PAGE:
A New Kind of Seasonal Tropospheric Propagation?

 

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Meteors are known to enter the Earth atmosphere at speeds ranging from 11 km/s (6.84 miles per second) to 72 km/s (44.74 Miles per second) (http://www.amsmeteors.org/meteor-showers/meteor-faq/) and the meteor phenomena gets visible when it reaches the Thermosphere (part of which is the Ionosphere) between 80 and 120 km (50 and 75 miles) of altitude. At those altitudes meteors encounter the E layer in the Ionosphere and as they burn they leave in their path a trail of ionized particles that lingers in that state for a few seconds. These trails can be used to reflect radio waves, usually from the VHF section of the spectrum (30 to 50 MHz) (https://en.wikipedia.org/wiki/Meteor_burst_communications) to distances beyond the horizon. This is the basis for VHF long-distance “Meteor Scatter” or “Meteor Burst” communication.

The Tropospheric Scatter also permits VHF radio waves to travel beyond the curvature of the Earth as they follow it horizontally through the upper layers of the Troposphere, 7 to 20 km (4 to 12 miles) above sea level (http://www.windows2universe.org/earth/Atmosphere/troposphere.html)

How would a “meteor” weighing 353,000 tons behave while travelling through the lower levels of the Troposphere (at least in part) at speeds at least 100 times faster than those usually attained by its spatial siblings? And what would its consequences (and opportunities…) be for radio-wave communications?

The speed of Santa’s sleigh in Christmas Night has been estimated between 680 miles per second (http://www.daclarke.org/Humour/santa.html) and 1800 miles per second (http://www.telegraph.co.uk/topics/christmas/8188997/The-science-of-Christmas-Santa-Claus-his-sleigh-and-presents.html). Its mass clearly must decrease as the night proceeds, but at the onset it has been estimated at the above figure of 353,000 tons (http://www.daclarke.org/Humour/santa.html). Although Santa’s sleigh average altitude is difficult to assess, it is likely to travel most of the time within the Troposphere, mostly through its lower levels. However, whichever its altitude, its path could not possibly go unnoticed to the molecules in the atmosphere, and it must leave behind a long and tangled tri-dimensional labyrinth of severely ionized particles. This seems yet untapped for a new form of seasonal tropospheric propagation: “Sleigh Scatter” available only during the night of December 24th to the 25th…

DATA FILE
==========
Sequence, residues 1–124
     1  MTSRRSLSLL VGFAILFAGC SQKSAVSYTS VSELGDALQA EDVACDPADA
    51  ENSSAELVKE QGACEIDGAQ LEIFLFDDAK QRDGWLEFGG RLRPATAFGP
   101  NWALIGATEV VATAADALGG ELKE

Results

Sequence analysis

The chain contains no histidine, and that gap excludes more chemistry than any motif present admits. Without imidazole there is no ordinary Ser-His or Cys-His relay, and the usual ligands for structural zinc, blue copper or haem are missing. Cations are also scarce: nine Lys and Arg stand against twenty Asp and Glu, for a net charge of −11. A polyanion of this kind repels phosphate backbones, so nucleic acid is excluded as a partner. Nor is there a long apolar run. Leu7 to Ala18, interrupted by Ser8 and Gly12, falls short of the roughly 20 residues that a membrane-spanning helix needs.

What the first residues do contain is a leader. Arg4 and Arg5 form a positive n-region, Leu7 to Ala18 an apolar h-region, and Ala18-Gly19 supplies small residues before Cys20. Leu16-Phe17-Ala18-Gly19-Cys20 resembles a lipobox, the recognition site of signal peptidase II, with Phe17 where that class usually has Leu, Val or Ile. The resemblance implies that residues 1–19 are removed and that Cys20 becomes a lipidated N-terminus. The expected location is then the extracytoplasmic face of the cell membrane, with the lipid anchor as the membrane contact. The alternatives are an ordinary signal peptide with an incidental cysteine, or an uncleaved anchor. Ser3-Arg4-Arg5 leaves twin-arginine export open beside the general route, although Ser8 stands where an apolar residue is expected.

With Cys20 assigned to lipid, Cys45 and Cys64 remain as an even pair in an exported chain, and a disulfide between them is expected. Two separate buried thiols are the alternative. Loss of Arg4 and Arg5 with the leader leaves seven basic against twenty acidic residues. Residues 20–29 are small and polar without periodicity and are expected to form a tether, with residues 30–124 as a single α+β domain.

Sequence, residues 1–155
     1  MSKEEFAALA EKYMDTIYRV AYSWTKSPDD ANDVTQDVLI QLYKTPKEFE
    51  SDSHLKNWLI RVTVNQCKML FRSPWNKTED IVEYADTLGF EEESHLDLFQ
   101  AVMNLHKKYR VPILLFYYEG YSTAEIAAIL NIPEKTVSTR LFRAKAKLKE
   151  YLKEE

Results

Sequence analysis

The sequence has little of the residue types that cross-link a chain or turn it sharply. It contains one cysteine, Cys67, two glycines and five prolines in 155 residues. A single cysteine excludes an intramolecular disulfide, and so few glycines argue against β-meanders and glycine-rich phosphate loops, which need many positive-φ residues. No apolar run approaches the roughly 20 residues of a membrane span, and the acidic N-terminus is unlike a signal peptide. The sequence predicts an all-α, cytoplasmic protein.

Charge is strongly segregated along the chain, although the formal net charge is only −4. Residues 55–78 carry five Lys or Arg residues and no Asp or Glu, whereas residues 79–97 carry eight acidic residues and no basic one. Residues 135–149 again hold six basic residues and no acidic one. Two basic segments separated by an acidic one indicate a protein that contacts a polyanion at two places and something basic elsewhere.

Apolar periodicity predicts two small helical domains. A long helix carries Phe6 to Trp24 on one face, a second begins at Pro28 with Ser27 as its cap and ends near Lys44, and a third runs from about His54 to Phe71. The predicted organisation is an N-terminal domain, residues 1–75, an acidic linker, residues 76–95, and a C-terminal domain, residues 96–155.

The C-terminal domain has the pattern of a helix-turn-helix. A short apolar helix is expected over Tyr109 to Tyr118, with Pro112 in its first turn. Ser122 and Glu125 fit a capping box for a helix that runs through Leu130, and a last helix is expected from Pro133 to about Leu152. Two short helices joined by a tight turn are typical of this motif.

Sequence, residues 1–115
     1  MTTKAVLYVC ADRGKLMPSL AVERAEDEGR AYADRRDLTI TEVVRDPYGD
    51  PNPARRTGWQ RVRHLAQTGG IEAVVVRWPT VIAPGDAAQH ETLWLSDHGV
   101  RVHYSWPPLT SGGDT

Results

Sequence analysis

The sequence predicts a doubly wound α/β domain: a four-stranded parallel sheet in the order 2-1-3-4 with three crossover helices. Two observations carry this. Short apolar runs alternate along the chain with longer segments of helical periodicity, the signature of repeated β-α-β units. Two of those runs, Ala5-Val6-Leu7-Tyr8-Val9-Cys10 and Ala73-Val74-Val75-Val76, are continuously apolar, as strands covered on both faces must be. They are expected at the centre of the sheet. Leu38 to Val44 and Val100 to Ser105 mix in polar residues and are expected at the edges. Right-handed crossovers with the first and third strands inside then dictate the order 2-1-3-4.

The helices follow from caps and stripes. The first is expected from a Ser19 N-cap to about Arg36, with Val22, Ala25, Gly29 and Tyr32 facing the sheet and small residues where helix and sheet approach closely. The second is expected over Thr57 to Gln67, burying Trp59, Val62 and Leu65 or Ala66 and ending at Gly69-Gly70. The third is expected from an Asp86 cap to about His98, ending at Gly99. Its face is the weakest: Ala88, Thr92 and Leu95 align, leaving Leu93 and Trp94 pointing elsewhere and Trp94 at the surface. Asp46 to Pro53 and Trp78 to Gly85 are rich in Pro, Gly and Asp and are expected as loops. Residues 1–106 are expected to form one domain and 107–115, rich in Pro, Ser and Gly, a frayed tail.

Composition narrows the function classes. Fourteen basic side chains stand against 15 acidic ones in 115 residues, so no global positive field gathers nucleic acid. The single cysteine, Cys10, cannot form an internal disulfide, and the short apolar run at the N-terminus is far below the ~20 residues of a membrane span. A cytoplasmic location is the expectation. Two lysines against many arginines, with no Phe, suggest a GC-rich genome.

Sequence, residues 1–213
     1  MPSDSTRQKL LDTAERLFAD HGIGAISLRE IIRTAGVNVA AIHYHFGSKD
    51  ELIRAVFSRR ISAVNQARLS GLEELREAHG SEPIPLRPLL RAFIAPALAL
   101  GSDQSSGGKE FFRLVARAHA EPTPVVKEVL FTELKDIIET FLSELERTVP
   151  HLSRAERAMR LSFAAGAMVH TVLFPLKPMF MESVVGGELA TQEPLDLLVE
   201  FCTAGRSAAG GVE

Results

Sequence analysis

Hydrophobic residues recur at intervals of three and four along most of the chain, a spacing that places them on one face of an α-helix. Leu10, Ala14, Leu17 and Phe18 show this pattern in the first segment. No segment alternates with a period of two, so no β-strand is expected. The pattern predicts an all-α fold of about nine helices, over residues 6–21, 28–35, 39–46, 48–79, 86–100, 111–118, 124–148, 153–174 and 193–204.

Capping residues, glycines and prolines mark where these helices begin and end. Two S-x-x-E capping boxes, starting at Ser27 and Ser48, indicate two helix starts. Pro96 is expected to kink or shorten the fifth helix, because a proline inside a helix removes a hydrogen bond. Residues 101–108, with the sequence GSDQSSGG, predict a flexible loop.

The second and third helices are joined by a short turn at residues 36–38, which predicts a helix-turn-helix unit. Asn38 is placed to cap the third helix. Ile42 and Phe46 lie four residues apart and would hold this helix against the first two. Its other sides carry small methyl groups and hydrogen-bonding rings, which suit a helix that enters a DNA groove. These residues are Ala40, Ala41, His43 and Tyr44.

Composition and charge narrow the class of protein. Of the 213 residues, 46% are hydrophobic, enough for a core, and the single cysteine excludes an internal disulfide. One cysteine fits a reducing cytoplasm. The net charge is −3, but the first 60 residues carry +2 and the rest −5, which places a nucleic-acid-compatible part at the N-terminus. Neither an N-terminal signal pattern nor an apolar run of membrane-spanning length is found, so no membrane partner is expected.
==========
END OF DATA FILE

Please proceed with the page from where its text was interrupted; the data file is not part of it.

It won’t happen…? Possibly not… But has anyone tried it…? The proof of the pudding (even if a Christmas pudding) must be in the eating…

Best Wishes and Season Greetings to all those visiting this Blog!

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PS.- The “sky wings” on the picture above is a sheath of ice crystals floating over the waters in the Mer Bleue bog at the onset of winter (https://en.wikipedia.org/wiki/Mer_Bleue_Conservation_Area).

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